Is Rick Snyder outsourcing union busting in Michigan?
Gov. Rick Snyder knows a thing or two about outsourcing.
During the former Ann Arbor venture capitalist's 2010 gubernatorial campaign, of course, the Republican was repeatedly, albeit misleadingly, accused of outsourcing jobs as an executive at computer-maker Gateway in the 1990s.
He may not have outsourced jobs as an executive at Gateway, but he clearly understands the power of outsourcing as a business model.
Lon Horwedel | AnnArbor.com
Which is why he's structuring his governmental reform initiative to force local governments to extract concessions from unions, instead of doing the fighting himself.
And it's why he successfully pushed legislation that allows the state to install emergency financial managers to fix fiscally distressed cities and school districts.
If we've learned anything from Snyder's first 80 days as a politician, it's this: He is no Scott Walker, the Republican governor of Wisconsin who started his first term by pressing the Wisconsin Assembly to strip most public workers of their collective bargaining rights.
You don't have to take a political science class to know that it's much smarter, politically, to get what you want by forcing someone else to fight for it.
That's the model Snyder laid out this morning with his proposal to require municipal governments to fight unions for public employee compensation cuts, share services regionally and consider legal consolidation opportunities.
The 11-page proposal Snyder submitted to the Michigan Legislature would force cities and municipalities to scramble to claw back state funding by implementing a long list of reforms. Those would include incentivizing cities to require new employees to pay 20 percent of their health care premiums and making new employees' retirement plans look a lot more like 401(k)-style plans than pensions.
Those two elements alone are enough to inspire fury among organized labor supporters.
State Sen. Minority Leader Gretchen Whitmer, D-East Lansing, said in a statement that Snyder's plan is "an attempt to end collective bargaining as we know it through local mandates."
Clearly, that's not how Snyder would characterize it.
"These proposed reforms will accomplish several goals for Michigan," Snyder said in his proposal. "Most importantly, local leaders will have the ability to control short- and long-term costs. By controlling costs, local governments can maintain critical public safety, infrastructure and quality of life services. The continued provision of these services will enhance the long-term competitiveness and economic vitality of Michigan’s commercial centers and the entire state."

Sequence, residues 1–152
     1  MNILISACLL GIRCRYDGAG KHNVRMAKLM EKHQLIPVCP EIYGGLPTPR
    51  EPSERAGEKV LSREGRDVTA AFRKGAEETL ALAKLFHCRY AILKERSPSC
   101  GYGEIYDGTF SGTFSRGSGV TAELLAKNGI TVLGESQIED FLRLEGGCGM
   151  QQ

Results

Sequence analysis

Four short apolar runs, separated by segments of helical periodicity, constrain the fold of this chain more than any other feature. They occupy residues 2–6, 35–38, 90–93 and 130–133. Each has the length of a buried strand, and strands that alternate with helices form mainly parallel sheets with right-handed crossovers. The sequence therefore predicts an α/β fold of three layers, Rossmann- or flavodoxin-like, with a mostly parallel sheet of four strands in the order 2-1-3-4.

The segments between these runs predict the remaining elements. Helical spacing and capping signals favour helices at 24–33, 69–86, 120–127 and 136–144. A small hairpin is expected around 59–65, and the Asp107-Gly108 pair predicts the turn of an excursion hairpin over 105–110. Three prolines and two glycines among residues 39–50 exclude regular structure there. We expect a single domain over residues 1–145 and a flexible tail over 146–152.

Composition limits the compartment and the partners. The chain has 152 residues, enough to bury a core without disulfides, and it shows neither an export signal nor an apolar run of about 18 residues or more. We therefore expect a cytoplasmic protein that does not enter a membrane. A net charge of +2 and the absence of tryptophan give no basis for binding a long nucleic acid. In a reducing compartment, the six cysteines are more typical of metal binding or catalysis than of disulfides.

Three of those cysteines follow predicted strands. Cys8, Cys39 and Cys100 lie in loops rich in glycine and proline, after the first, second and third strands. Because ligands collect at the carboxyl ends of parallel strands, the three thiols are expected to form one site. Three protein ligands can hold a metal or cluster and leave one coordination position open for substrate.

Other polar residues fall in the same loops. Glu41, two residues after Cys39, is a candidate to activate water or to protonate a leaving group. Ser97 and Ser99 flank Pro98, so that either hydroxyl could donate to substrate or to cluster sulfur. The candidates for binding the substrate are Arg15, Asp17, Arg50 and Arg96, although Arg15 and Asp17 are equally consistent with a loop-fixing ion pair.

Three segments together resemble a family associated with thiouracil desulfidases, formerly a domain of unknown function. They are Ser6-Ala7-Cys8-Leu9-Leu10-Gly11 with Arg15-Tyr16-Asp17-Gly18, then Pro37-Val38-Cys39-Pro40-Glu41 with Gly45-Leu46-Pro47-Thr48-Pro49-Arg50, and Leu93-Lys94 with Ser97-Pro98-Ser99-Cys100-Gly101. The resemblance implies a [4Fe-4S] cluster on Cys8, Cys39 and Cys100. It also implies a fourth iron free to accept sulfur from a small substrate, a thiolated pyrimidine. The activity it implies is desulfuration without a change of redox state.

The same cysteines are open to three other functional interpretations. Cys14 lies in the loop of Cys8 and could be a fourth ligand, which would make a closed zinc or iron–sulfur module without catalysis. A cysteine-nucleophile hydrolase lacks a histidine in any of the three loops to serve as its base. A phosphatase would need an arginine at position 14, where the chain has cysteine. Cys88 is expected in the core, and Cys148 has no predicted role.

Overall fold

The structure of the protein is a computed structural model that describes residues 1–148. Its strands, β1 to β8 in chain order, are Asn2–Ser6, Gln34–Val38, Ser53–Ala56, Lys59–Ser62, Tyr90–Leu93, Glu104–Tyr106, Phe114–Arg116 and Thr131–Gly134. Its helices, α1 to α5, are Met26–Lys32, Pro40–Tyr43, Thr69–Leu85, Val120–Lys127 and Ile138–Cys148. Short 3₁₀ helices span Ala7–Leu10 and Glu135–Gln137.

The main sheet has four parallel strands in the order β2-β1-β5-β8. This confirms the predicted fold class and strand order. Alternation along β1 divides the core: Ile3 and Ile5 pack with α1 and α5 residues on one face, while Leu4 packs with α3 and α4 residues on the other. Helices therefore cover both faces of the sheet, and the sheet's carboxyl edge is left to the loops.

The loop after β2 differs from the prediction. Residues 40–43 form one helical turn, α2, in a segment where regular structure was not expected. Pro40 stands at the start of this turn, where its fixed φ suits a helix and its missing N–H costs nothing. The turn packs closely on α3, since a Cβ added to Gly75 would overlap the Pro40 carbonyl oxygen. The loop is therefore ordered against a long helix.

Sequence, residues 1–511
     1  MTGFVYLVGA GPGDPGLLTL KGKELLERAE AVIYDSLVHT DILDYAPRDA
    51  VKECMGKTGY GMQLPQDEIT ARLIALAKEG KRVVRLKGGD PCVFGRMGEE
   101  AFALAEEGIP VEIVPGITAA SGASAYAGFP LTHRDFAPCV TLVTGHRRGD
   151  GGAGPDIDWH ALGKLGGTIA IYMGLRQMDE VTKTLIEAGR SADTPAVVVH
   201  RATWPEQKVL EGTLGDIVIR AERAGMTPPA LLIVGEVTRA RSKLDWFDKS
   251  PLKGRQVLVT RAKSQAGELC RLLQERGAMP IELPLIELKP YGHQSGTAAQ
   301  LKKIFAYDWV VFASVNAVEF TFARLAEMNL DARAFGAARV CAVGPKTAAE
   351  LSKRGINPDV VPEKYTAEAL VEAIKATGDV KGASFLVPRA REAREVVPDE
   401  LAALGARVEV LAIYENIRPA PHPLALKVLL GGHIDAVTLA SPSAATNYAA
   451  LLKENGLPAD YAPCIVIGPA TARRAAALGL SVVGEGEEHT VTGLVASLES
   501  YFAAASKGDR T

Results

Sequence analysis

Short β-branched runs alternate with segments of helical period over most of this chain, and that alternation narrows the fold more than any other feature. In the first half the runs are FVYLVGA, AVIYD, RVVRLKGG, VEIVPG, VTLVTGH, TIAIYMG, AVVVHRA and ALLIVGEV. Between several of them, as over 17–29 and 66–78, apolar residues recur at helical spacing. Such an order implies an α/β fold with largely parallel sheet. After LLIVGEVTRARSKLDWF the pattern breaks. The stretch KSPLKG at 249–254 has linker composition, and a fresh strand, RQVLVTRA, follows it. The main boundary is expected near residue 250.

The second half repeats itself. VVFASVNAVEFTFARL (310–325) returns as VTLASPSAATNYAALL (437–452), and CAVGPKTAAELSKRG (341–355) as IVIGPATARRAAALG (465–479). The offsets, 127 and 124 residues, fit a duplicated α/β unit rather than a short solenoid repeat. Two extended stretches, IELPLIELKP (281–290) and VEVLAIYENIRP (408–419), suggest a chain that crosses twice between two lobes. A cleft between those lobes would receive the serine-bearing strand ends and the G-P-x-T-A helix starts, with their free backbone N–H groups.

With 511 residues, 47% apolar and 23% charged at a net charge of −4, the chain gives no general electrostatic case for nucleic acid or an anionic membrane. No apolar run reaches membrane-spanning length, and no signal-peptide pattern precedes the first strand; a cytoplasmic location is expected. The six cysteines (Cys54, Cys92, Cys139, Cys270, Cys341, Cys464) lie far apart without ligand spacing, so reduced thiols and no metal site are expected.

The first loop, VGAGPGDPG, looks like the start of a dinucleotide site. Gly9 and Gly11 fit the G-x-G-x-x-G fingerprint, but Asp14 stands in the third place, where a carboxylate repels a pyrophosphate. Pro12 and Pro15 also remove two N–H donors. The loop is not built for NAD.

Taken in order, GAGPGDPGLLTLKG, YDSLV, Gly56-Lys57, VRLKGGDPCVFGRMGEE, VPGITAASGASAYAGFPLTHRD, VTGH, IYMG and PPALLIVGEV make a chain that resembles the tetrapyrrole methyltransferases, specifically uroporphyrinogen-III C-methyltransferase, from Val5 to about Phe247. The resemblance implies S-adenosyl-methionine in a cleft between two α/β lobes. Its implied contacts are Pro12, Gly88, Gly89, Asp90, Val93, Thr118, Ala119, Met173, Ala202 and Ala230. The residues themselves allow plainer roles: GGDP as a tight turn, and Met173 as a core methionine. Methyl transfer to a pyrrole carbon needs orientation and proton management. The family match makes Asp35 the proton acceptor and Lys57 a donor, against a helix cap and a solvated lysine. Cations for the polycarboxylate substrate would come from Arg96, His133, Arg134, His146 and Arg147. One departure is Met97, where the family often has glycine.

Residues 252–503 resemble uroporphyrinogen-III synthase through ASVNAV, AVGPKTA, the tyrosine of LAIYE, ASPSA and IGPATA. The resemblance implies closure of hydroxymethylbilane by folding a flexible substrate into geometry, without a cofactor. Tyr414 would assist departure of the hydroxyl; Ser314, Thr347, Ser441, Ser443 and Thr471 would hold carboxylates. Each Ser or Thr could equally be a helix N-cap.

Snyder says this is a reconfiguration of how government operates. Cities don't get automatic payouts just because they exist. They have to adopt reforms to get the pool of dollars formerly referred to as "statutory revenue sharing."
(This is similar to how the federal government structured the "Race to the Top" program, which forced states to embrace education reform to get a piece of stimulus funding.)
Here's what Snyder is doing: He's forcing cities to fight public employee unions block by block, city by city.
Why try to axe public workers' collective bargaining rights — which Snyder has refused to pursue — when you can nudge cities to get cost concessions on your behalf?
Ironically, this proposal gives cities the political cover to fight for concessions, too. At the bargaining table, municipal politicians can just play the Snyder card: "The nerd made us do it."
Is Snyder outsourcing the union busting?
Well, he himself says in his proposal that "state government can enable and encourage, but communities themselves must lead the way."
First, of course, he has to get the Legislature to adopt his proposals — a tall order indeed.
But, politically, he's getting much more creative than Scott Walker.
It's much easier to have your colleagues punch someone in the face, than to do it yourself.